BLOOMINGTON, Ind. -- The Indiana University Jacobs School of Music has appointed Christian Dillingham as adjunct professor of music in jazz studies/bass, effective Aug. 1.
The Grammy Award-winning bassist is a rare musician who excels in both the classical and jazz worlds. He has recorded with a wide range of artists, including Kirk Franklin, John Legend and Ledisi. He won a Grammy for his work on Franklin's "Long Live Love" release, which was named Best Gospel Album in January.
"We are very pleased that Christian Dillingham is joining the jazz faculty," said Tom Walsh, chair of the Jacobs Department of Jazz Studies. "Christian is a very active performer in Chicago in a wide variety of styles. His teaching is informed by a deep knowledge of the bass, and we look forward to his work with our students."
Dillingham enjoys crossing genres and has performed with the Lyric Opera of Chicago, Grant Park Symphony, Fulcrum Point New Music Project and Chicago Opera Theatre. He is a member of the Chicago Sinfonietta and the Chicago Philharmonic.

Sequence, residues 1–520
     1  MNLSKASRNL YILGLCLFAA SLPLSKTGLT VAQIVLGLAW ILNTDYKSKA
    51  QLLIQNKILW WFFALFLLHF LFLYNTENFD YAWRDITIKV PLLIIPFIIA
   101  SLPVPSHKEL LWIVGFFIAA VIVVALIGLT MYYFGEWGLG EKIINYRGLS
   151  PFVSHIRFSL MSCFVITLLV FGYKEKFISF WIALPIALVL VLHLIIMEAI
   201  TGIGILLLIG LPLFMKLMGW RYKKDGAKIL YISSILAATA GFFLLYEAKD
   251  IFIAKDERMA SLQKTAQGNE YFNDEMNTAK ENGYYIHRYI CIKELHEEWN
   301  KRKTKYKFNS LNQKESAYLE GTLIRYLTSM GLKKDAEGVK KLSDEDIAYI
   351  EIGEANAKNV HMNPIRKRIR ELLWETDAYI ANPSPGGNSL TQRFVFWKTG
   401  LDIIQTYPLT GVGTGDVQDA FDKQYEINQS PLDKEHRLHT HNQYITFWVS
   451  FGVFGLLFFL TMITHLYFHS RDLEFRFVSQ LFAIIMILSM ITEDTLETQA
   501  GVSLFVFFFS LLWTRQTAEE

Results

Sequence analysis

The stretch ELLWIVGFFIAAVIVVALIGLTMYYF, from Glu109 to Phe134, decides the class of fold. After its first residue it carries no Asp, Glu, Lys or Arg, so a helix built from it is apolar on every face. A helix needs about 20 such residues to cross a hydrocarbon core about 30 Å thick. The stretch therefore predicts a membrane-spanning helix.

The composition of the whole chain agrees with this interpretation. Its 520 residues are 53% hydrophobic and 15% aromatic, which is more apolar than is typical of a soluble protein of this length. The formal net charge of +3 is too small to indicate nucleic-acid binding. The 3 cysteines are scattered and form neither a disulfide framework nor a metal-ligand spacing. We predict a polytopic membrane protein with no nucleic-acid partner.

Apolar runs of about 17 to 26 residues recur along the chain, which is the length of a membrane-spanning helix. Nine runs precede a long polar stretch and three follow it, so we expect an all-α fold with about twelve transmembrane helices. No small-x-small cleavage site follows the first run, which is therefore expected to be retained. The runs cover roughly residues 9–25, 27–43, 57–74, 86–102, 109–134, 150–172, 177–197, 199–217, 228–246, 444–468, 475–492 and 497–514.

While performances have taken him around the globe, Dillingham appears regularly at Chicago venues such as the Jazz Showcase, Constellation Chicago, Hungry Brain and Chicago Jazz Festival. He has performed with dozens of celebrated musicians, including Kevin Mahogany, Willie Pickens, Dee Alexander, Victor Goines, Bobby Broom and Greg Ward.
Dillingham studied at Youngstown State University under the instruction of Tony Leonardi in jazz studies. He continued at Duquesne University in Pittsburgh, working with Jeffrey Turner and earning a master's degree in classical studies.
"It is a great honor to join the faculty at Indiana University," Dillingham said. "The Jacobs School of Music's rich history and commitment to excellence is known throughout the world.
"The positivity shown among the students and faculty is something truly exceptional. I am especially excited to be part of a double bass tradition that has produced world-renowned bassists, and I look forward to building on that legacy."